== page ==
Oral Health Literacy and Behavior of Health Sciences University Students

Tuti N Mohd-Dom, Ng Yee Ying, Lye Shen Ming, Shahida Moho-Said, Noriah Yusof

Abstract


Objective: This study aimed to determine the level of oral health literacy and behavior among health sciences. Methods: The method used descriptive cross-sectional survey involving 609 students from Faculty of Medicine, Dentistry, Pharmacy and Allied Health Sciences in the Universiti Kebangsaan Malaysia. Oral health literacy level and behaviour was assessed with a validated and pretested self-administered questionnaire using the Newest Vital Sign (NVS) tool and modified Oral Health Adult Literacy Questionnaire (OHL-AQ). Results: A total of 509 participants involved in the study (83.6%). The overall mean oral health literacy score was 10.27 (95% CI 7.92, 12.62), which found dental students showing statistically significant higher scores (mean=11.36, 95% CI 9.70, 13.02) compared to medical (mean=10.72, 95% CI 8.67, 12.77), allied health sciences (mean=9.89, 95% CI 7.34, 12.44) and pharmacy (mean=9.55, 95% CI 7.23, 11.87). Almost all respondents are non-smokers (99.8%) and non-drinkers (97.2%). Only 19.1% pay regular dental visits every 6-12 months while 51.1% visit dentist only when they have dental pain. Conclusion: There appears to be a positive relationship between oral health literacy and oral health behavior. Health science university students should be provided substantial dental health education in their curriculum as they show good potential as strategic partners in oral health.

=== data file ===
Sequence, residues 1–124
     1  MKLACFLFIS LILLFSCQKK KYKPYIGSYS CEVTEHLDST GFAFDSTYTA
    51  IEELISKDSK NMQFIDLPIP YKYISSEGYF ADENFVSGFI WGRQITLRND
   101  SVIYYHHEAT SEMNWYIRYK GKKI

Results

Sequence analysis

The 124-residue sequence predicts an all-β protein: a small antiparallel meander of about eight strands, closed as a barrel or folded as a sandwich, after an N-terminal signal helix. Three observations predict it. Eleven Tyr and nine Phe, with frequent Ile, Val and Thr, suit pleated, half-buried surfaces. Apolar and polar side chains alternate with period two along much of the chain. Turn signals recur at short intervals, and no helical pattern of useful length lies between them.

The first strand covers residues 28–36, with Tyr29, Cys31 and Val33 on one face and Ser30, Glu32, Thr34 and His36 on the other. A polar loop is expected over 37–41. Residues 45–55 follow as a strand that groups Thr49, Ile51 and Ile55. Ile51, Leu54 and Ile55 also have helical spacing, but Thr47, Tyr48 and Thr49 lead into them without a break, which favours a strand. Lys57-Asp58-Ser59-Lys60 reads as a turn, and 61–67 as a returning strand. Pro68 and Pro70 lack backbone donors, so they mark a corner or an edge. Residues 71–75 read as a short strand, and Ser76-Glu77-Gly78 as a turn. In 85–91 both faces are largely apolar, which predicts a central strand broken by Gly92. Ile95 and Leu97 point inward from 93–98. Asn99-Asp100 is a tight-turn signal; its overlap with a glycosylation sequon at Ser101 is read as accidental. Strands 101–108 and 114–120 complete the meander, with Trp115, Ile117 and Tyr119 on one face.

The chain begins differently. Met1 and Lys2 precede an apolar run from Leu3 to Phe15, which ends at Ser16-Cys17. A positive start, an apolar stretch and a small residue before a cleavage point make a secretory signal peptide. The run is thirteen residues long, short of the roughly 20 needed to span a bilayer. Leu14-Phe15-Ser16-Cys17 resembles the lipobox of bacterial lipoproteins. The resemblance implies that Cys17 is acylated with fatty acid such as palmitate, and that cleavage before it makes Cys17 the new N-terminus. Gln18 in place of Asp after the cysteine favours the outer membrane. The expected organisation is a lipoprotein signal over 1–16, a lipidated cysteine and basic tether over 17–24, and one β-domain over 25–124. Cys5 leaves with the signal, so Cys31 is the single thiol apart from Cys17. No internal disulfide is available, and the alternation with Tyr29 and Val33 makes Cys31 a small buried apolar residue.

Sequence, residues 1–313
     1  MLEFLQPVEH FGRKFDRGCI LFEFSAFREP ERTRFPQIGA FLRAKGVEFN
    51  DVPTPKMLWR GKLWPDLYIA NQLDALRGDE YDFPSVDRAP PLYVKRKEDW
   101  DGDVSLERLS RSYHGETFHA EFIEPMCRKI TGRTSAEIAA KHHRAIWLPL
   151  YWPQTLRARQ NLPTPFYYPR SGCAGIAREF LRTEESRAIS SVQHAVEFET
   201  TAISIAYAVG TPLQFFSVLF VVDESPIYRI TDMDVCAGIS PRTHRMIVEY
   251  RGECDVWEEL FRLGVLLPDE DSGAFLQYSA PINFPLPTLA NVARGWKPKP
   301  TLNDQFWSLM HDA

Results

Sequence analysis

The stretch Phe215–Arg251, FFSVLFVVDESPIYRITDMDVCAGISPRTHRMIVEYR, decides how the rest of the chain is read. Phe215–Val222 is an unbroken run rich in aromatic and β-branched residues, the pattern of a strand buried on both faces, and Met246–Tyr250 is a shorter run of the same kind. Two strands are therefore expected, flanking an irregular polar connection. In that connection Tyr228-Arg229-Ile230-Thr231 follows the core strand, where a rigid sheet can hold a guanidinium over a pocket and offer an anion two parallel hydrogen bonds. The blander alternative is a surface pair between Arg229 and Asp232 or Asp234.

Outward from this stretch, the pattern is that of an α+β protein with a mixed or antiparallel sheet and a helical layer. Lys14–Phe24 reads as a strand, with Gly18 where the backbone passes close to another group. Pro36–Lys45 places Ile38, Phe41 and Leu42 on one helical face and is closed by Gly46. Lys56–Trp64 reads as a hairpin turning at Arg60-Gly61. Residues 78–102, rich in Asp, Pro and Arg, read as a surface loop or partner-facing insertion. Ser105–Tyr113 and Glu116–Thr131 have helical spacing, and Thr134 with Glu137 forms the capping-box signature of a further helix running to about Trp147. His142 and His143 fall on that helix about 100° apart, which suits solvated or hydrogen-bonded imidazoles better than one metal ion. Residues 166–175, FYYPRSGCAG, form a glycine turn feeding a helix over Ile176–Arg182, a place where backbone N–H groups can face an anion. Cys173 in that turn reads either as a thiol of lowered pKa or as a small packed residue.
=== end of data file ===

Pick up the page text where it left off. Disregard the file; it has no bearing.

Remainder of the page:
DOI: 10.14693/jdi.v22i2.404


Keywords


oral health behavior; oral health literacy

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